Without going through the same list as the Minister, I thank everyone. I beg to ask leave to withdraw the motion.
Clause, by leave, withdrawn.
New Schedule 1
Placing children in secure accommodation elsewhere in Great Britain
“Children Act 1989
1 The Children Act 1989 is amended as follows.
2 (1) Section 25 (use of accommodation in England for restricting liberty of children looked after by English and Welsh local authorities)—
(a) is to extend also to Scotland, and
(b) is amended as follows.
(2) In subsection (1)—
(a) for “or local authority in Wales” substitute “in England or Wales”;
(b) after “accommodation in England” insert “or Scotland”;
(3) In subsection (2)—
(a) in paragraphs (a)(i) and (ii) and (b), after “secure accommodation in England” insert “or Scotland”;
(b) in paragraph (c), for “or local authorities in Wales” substitute “in England or Wales”;
(4) After subsection (5) insert—
(5A) Where a local authority in England or Wales are authorised under this section to keep a child in secure accommodation in Scotland, the person in charge of the accommodation may restrict the child’s liberty to the extent that the person considers appropriate, having regard to the terms of any order made by a court under this section.”
(5) In subsection (7)—
(a) in paragraph (c), after “secure accommodation in England” insert “or Scotland”;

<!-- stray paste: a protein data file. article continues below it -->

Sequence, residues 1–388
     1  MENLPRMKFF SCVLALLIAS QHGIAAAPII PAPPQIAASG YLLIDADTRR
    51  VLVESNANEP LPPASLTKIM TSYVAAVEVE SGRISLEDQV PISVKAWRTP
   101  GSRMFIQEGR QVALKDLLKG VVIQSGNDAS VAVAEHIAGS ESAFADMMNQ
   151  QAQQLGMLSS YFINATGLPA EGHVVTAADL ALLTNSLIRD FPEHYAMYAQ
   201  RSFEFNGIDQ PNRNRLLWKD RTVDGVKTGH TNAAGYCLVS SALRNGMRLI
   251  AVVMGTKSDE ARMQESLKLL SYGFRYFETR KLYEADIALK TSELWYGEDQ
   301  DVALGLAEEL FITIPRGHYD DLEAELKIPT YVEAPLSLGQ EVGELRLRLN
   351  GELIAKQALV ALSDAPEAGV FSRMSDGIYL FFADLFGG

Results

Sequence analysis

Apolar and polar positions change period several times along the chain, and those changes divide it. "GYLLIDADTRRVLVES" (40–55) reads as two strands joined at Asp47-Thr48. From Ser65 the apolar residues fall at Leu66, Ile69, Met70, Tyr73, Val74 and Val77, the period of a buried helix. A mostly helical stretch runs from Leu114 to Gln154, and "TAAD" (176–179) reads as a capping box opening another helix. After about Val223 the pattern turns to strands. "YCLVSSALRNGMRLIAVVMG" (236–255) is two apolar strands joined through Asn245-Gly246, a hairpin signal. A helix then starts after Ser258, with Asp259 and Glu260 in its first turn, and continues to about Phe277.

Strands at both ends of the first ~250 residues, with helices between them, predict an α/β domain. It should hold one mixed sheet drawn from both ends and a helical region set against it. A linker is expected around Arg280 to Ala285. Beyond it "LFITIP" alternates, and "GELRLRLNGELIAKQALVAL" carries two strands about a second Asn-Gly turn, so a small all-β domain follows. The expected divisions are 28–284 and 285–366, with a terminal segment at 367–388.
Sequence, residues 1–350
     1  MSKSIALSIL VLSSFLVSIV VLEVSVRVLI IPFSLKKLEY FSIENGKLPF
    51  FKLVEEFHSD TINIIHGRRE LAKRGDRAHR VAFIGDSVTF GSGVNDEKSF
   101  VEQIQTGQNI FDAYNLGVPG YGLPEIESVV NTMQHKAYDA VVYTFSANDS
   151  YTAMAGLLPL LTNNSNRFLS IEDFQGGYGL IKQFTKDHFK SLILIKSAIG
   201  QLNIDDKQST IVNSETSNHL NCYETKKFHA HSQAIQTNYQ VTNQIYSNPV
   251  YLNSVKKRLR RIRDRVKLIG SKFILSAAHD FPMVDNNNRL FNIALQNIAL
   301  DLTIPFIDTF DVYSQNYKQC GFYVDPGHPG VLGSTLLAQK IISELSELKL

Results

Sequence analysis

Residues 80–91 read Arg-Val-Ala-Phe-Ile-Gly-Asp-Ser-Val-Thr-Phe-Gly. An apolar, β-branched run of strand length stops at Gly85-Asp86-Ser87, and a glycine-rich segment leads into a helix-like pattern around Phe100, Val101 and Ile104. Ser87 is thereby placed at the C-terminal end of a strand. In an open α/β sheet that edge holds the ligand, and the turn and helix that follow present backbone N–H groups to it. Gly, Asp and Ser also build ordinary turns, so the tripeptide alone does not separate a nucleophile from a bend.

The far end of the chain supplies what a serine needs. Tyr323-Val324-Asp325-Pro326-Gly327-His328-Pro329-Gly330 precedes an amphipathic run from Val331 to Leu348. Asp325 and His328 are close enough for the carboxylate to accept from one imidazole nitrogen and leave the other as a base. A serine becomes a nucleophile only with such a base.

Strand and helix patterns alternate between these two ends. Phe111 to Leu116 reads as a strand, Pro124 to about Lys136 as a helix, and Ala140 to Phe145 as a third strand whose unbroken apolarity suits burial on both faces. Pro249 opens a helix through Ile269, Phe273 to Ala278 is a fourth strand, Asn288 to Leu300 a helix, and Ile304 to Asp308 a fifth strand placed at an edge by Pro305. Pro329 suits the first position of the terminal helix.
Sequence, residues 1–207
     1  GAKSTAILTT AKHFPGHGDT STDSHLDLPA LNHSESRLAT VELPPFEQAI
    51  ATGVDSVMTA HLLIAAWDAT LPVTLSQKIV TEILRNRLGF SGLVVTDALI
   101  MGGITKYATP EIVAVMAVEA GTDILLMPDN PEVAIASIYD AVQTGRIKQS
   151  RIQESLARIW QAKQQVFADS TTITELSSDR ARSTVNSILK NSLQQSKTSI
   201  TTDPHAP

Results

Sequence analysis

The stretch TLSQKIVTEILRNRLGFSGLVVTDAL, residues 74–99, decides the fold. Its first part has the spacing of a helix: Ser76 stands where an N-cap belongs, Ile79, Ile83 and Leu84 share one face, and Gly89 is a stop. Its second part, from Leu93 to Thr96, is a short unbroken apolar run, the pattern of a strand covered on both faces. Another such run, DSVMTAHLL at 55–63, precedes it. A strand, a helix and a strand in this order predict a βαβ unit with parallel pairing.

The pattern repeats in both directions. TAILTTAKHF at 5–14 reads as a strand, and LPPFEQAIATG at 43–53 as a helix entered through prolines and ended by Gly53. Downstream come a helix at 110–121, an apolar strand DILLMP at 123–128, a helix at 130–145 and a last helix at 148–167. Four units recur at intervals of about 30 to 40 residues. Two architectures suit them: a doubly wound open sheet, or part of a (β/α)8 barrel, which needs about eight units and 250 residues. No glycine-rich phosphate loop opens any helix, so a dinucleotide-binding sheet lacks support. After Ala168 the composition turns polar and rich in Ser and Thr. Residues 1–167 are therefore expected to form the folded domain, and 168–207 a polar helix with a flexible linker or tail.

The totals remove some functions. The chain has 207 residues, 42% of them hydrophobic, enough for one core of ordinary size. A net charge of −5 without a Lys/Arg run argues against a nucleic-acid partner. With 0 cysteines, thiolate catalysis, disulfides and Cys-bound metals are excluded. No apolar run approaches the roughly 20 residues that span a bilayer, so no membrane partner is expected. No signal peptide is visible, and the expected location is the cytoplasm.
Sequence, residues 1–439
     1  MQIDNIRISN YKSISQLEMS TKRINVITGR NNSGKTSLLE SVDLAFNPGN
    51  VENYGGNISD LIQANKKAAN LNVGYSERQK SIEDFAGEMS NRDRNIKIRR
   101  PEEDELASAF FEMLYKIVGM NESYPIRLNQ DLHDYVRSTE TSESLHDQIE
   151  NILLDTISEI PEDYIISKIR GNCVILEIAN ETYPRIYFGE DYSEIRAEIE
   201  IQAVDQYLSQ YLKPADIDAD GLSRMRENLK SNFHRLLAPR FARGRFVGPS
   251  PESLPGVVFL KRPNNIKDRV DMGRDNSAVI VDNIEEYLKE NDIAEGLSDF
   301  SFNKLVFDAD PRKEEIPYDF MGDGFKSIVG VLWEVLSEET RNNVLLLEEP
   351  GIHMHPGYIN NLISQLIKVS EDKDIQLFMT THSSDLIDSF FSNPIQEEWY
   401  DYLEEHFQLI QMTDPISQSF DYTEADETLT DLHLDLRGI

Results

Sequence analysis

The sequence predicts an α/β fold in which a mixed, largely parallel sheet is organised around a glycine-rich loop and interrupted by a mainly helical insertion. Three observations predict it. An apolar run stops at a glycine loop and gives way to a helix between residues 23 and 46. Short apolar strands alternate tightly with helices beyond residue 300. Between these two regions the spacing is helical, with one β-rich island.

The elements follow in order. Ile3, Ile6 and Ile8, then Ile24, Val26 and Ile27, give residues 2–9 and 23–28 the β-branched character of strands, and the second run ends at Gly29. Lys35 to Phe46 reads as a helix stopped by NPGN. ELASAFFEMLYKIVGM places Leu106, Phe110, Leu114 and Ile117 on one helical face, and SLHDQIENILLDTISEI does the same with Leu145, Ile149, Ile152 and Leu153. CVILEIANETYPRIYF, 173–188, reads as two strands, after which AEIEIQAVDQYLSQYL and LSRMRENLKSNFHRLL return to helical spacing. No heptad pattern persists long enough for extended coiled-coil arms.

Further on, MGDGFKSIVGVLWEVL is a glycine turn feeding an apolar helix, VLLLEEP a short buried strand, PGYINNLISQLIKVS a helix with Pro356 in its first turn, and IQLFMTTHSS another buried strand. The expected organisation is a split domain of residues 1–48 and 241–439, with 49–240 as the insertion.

(b) after that paragraph, insert—
“(d) a child may only be placed in secure accommodation that is of a description specified in the regulations (and the description may in particular be framed by reference to whether the accommodation, or the person providing it, has been approved by the Secretary of State or the Scottish Ministers).”
(6) After subsection (8) insert—
(8A) Sections 168 and 169(1) to (4) of the Children’s Hearings (Scotland) Act 2011 (asp 1) (enforcement and absconding) apply in relation to an order under subsection (4) above as they apply in relation to the orders mentioned in section 168(3) or 169(1)(a) of that Act.”
3 In paragraph 19(9) of Schedule 2 (restrictions on arrangements for children to live abroad), after “does not apply” insert “—
(a) to a local authority placing a child in secure accommodation in Scotland under section 25, or
Children (Secure Accommodation) Regulations 1991 (S.I. 1991/1505)
4 The Children (Secure Accommodation) Regulations 1991 (S.I. 1991/1505) are amended as follows.